Sometimes you get stuck when you are simplifying a resistor network. Some resistor networks cannot be simplified using the usual series and parallel combinations. This situation can often be handled by trying the $\Delta - \text Y$ transformation, or ‘Delta-Wye’ transformation.

Written by Willy McAllister.

Contents

The Delta and Wye names come from the shape of the circuits, which resemble letters. The transformation allows you to replace three resistors in a $\Delta$ configuration by three resistors in a $\text Y$ configuration, and the other way around. Drawing $\Delta$ and $\text Y$ this way emphasizes the 3 terminals. The configurations can be redrawn to square up the resistors. This is called a $\pi - \text T$ configuration, The $\pi - \text T$ style is what you might find in a typical schematic. The transformation equations apply to $\pi - \text T$ as well.

The $\text Y$ configuration is also called a star.

Something to notice: The two configurations have a different number of nodes. $\Delta$ has three nodes while $\text Y$ has four nodes (the one in the center).

Transformations

For the transformation to be valid, the resistance between each pair of terminals must be the same before and after. DIAGRAM 1 $- \,\Delta$ and $\text Y$ configurations with labeled nodes and resistors.

It is possible to write three simultaneous equations to capture this constraint.

Consider terminals $x$ and $y$ on the $\text Y$ side. Assume terminal $z$ isn’t connected to anything, so the current in $R3$ is $0$. We can make this assumption because we know resistors are linear devices and we can apply the principle of superposition. (If you haven’t studied linearity and superposition yet, please trust me for now that the assumption is a good one.)

In the $\Delta$ configuration, the resistance between $x$ and $y$ is $Rc$ in parallel with $Ra +Rb$. On the $\text Y$ side, the resistance between $x$ and $y$ is the series combination $R1+R2$.

We set these equal to each other to get the first of three simultaneous equations,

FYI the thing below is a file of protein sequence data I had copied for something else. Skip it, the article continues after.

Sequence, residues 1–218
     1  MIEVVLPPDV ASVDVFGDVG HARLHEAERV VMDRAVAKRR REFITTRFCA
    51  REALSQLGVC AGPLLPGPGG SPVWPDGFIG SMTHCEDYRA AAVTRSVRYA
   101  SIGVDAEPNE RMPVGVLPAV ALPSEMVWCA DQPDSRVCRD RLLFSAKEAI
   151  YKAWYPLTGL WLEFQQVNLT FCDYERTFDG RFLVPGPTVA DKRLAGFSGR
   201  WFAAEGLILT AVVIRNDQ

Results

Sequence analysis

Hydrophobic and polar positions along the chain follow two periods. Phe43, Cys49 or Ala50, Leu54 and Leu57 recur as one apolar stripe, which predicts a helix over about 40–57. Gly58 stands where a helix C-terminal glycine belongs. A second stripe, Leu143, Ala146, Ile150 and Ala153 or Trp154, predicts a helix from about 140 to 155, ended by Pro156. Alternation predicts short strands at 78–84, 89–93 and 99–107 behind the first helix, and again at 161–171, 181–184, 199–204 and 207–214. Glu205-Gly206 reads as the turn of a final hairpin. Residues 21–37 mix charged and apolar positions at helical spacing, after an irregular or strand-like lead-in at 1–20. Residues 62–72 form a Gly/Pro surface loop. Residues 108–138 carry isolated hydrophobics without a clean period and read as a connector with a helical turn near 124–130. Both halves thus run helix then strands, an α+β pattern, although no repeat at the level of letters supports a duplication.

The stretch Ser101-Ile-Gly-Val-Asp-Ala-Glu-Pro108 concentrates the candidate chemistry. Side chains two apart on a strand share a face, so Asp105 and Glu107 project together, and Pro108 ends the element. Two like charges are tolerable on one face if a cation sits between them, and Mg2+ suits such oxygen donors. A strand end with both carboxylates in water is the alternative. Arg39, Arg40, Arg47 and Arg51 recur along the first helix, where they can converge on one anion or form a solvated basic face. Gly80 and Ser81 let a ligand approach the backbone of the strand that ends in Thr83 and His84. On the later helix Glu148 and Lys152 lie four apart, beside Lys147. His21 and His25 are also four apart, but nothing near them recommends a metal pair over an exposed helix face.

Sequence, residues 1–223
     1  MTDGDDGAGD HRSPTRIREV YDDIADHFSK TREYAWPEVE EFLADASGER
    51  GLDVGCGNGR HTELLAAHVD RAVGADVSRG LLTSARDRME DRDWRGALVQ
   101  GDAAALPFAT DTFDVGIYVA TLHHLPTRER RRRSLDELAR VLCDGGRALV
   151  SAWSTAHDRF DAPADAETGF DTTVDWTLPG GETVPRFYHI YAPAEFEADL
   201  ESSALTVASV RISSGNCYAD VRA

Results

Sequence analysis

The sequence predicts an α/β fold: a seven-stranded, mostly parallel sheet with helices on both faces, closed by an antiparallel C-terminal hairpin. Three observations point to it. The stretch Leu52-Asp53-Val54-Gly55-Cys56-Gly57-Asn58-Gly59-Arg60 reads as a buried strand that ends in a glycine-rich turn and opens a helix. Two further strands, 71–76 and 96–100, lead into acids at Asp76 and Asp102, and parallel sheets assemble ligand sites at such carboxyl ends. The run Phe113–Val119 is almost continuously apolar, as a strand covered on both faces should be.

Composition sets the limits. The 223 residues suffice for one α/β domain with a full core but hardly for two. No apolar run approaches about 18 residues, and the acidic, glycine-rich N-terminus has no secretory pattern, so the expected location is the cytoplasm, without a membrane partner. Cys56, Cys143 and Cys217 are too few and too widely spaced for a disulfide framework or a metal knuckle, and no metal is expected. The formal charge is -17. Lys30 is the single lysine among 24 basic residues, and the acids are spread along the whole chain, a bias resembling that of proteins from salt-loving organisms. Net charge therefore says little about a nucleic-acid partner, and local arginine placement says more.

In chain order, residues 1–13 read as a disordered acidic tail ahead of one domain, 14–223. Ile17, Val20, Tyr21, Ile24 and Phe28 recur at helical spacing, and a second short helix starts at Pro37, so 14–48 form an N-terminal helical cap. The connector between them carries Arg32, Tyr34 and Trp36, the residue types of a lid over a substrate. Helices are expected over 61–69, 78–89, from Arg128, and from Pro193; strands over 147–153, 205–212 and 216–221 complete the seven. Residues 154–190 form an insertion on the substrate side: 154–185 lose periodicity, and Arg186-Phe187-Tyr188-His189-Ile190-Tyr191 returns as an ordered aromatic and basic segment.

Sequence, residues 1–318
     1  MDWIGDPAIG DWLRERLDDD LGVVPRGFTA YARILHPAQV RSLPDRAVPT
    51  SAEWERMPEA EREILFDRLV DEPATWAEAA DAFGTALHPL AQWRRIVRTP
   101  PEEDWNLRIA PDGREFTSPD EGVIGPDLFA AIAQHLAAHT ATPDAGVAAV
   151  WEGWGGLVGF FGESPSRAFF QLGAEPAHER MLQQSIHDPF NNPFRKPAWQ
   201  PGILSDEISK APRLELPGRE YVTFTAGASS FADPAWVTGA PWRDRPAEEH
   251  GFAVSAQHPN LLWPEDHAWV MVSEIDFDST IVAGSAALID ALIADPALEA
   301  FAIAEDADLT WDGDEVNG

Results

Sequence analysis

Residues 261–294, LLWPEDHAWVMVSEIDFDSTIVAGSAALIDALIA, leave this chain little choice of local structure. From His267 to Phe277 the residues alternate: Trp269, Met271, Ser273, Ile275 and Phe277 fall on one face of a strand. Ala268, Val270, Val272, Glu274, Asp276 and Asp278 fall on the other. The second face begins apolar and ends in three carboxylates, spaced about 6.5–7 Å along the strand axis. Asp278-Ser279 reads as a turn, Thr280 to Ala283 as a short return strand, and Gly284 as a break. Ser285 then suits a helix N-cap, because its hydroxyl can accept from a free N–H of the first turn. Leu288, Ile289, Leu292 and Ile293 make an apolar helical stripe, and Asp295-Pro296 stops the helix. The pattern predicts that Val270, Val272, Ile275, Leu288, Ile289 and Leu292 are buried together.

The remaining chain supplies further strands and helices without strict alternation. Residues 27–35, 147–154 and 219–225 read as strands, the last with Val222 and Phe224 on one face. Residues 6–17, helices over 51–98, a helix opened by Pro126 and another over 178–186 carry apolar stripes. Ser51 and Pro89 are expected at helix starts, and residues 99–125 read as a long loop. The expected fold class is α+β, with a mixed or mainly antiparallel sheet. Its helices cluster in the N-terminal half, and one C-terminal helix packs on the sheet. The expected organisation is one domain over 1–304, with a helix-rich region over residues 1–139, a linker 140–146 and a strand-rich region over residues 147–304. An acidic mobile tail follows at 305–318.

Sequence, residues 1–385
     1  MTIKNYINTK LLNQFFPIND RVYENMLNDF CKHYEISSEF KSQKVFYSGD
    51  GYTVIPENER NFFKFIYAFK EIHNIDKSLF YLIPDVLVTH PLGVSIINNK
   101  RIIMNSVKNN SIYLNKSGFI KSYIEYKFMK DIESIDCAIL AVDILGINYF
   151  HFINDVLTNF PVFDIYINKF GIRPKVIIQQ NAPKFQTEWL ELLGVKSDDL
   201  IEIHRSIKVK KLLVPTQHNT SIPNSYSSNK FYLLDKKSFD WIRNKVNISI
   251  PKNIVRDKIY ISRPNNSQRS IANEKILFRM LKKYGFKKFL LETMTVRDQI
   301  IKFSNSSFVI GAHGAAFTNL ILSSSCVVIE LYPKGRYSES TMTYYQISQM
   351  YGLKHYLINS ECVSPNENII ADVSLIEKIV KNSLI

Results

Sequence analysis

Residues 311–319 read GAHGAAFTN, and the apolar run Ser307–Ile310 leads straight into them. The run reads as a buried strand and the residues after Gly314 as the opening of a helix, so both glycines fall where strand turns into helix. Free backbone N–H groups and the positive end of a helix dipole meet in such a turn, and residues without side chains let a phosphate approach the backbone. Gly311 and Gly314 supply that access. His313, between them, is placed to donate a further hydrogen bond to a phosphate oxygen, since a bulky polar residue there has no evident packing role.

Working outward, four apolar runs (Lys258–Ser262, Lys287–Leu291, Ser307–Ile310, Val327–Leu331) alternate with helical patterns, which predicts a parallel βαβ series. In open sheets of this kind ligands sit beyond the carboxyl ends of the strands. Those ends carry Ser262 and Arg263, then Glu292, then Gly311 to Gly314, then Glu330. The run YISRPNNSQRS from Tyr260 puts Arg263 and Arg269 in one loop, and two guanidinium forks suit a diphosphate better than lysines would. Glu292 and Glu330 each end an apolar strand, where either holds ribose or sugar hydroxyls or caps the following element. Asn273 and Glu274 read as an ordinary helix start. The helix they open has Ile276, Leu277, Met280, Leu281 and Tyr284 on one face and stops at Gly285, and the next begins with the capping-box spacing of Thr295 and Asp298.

$R1+R2 = \dfrac{Rc\,(Ra+Rb)}{Rc+(Ra+Rb)}$

We can write two similar expressions for the other two pairs of terminals. Notice the $\Delta$ resistors have letter names, $(Ra$, etc.$)$ and the $\text Y$ resistors have number names, $(R1$, etc.$)$.

After solving the simultaneous equations (not shown), we get the equations to transform either network into the other. Find a full derivation of the transform equations is in this article.

$\Delta \rightarrow \text Y$ transformation

Equations for transforming a $\Delta$ network into a $\text Y$ network,

$\quad R1 = \dfrac{Rb\,Rc}{Ra + Rb + Rc}$

$\quad R2 = \dfrac{Ra\,Rc}{Ra + Rb + Rc}$

$\quad R3 = \dfrac{Ra\,Rb}{Ra + Rb + Rc}$

Transforming from $\Delta$ to $\text Y$ introduces one additional node.

$\text Y \rightarrow\Delta$ transformation

Equations for transforming a $\text Y$ network into a $\Delta$ network,

$\quad Ra = \dfrac{R1\,R2 + R2\,R3 + R3\,R1}{R1}$

$\quad Rb = \dfrac{R1\,R2 + R2\,R3 + R3\,R1}{R2}$

$\quad Rc = \dfrac{R1\,R2 + R2\,R3 + R3\,R1}{R3}$

Transforming from $\text Y$ to $\Delta$ removes one node.

Example 1 - symmetric

Let’s do a nice symmetric example. Assume we have a $\Delta$ circuit with $3\,\Omega$ resistors.

Let’s derive the $\text Y$ equivalent by using the $\Delta \rightarrow \text Y$ equations.

$R1 = \dfrac{Rb\,Rc}{Ra + Rb + Rc} = \dfrac{3 \cdot 3}{3 + 3 + 3} = 1\,\Omega$

$R2 = \dfrac{Ra\,Rc}{Ra + Rb + Rc} = \dfrac{3 \cdot 3}{3 + 3 + 3} = 1\,\Omega$

$R3 = \dfrac{Ra\,Rb}{Ra + Rb + Rc} = \dfrac{3 \cdot 3}{3 + 3 + 3} = 1\,\Omega$ Going in the other direction, from $\text Y \rightarrow\Delta$, looks like this,

$Ra = \dfrac{R1\,R2 + R2\,R3 + R3\,R1}{R1} = \dfrac{1\cdot1 + 1\cdot1 + 1\cdot1}{1} = 3\,\Omega$

$Rb = \dfrac{R1\,R2 + R2\,R3 + R3\,R1}{R2} = \dfrac{1\cdot1 + 1\cdot1 + 1\cdot1}{1} = 3\,\Omega$